By MAureen Werther
Human resource professionals say finding and retaining good employees has been a challenge as the unemployment rate drops and the demand for qualified workers continues to grow.
Michael Cruz, owner and principal of Lighthouse Advisors LLC in Queensbury, works with CEOs to help build their teams and figure out if they’ve got the right people. He helps clients identify issues and examine the root causes of problems in the workplace.
A key role of Lighthouse Advisors, he said, is to help CEOs “build a framework” for evaluating the people on a client’s team and the roles for which they will be best suited to achieve the company’s mission and objectives.
It’s not just upper management that is Cruz’s focus. He noted an example of a company that was experiencing ongoing problems in its shipping department. The wrong items were being sent to customers and cross-shipping was occurring. The answer was not that the company had the wrong people in the shipping department, he said. They had the wrong process. The people in the shipping department were crucial in both identifying where the process was going wrong and helping find a solution.
“When you have the right people working for you, they will help you solve the problem,” said Cruz. “I encourage my clients to really think through what they are looking for in a new hire. Do they need a critical thinker? Or someone with great technical skills?” he said.
Regarding the issue of hiring across generations, Cruz said he encourages clients to focus on the right skill sets and not on the age of a candidate.
He also said many companies may have people already in their organizations who they simply haven’t developed. Perhaps rather than looking externally, it might be better to mentor and move existing employees along. Cruz noted that companies are often looking for a “fast fix” and the latter option is a “longer term fix.”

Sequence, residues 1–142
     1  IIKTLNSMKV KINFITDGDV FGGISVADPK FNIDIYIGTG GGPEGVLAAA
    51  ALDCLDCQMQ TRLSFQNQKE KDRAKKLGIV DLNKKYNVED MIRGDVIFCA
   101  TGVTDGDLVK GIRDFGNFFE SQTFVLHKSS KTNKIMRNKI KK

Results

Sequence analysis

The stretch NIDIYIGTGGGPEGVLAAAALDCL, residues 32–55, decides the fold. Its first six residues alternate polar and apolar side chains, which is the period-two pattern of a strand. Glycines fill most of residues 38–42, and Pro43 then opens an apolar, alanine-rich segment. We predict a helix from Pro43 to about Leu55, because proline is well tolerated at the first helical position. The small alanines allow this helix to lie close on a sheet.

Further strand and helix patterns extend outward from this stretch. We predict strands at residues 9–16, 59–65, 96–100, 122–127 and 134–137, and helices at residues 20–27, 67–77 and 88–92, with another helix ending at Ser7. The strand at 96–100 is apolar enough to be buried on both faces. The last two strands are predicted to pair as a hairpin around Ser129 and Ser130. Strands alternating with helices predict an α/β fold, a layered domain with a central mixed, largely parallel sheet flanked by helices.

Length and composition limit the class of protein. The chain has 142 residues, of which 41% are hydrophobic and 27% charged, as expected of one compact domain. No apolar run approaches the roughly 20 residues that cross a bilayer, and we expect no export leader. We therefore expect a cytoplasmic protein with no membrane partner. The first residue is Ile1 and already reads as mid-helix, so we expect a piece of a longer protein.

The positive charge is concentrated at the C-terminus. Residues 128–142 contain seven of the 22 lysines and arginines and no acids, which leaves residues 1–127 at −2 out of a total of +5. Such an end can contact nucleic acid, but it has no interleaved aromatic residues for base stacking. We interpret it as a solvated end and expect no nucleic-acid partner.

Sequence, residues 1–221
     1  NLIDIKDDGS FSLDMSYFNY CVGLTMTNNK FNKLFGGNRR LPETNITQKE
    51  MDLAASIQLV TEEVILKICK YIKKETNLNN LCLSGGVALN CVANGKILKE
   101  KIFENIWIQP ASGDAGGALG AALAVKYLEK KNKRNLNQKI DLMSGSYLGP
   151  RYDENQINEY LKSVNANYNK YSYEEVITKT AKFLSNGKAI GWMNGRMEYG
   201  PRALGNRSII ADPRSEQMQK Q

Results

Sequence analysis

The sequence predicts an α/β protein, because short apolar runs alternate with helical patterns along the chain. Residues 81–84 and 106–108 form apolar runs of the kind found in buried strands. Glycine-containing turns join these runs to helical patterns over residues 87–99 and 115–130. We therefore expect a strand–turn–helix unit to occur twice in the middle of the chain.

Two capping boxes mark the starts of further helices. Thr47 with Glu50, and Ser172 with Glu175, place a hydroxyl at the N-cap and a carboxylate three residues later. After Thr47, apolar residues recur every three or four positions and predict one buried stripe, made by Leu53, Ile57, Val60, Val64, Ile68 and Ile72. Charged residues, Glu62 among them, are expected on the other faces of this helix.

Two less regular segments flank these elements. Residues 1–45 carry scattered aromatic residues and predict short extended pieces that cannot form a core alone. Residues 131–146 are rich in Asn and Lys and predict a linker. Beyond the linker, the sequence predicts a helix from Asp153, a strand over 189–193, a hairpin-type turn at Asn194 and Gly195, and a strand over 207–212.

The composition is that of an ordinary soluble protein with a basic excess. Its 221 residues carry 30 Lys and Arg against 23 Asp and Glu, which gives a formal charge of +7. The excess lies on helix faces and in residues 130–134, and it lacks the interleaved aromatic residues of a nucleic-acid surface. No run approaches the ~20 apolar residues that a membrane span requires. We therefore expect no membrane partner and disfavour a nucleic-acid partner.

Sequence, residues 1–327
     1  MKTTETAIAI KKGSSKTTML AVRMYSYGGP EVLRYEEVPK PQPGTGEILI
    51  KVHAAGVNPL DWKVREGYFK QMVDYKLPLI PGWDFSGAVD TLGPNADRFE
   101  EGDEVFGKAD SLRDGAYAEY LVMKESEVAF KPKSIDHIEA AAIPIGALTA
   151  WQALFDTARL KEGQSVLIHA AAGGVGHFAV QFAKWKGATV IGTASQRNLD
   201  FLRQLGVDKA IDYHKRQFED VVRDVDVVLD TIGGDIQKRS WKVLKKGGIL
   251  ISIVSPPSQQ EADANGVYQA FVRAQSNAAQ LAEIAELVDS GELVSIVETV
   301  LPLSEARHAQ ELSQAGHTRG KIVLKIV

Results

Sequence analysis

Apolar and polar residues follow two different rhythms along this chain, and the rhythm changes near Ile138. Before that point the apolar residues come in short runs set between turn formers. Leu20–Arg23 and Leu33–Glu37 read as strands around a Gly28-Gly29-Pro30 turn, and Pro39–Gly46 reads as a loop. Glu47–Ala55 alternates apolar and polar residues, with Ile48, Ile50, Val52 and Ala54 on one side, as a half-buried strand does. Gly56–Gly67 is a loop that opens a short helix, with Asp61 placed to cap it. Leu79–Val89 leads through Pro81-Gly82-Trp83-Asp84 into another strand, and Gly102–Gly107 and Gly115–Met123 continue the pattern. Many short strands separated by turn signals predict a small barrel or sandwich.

He cautioned that when companies are too hasty in their hiring, they often end up bringing on the wrong person.
Rose Miller, SPHR and president of Pinnacle Human Resources LLC, said there is a need for more training of the current and future workforce.
Miller sits on the board of the Capital Region Chamber of Commerce, which recently conducted a survey of its membership to assess the number of job opportunities available in the Capital Region.
Of the 2,500 members surveyed, 185 companies responded. Those 185 companies had 2,622 job opportunities listed on Indeed, with nearly 13,000 additional jobs that were not being advertised on a job search site and that are still unfilled.
According to Miller, 40 percent of those jobs were classified as requiring “soft skills,” such as reliability, ability to work as part of a team, strong written and verbal skills and other desirable traits.
The other 60 percent of those jobs required “technical” skills. Miller was careful to note that the term refers in this context to having the necessary skills required to do the job, whether it is an administration position where proficiency in multiple computer programs is required, or if the position requires an engineer, scientist, programmer, and other professions.
She said there are indicators of a labor shortage and more comprehensive training will be necessary to fill jobs with qualified candidates.
She said while many people point to a shortage of skilled workers in digital and technology jobs, the healthcare industry has surpassed technology in having difficulty finding enough people to fill all the positions that are open.
She said such shortages will continue to be an issue, and both institutions of higher learning and employers will have to re-think how to prepare people for workplace.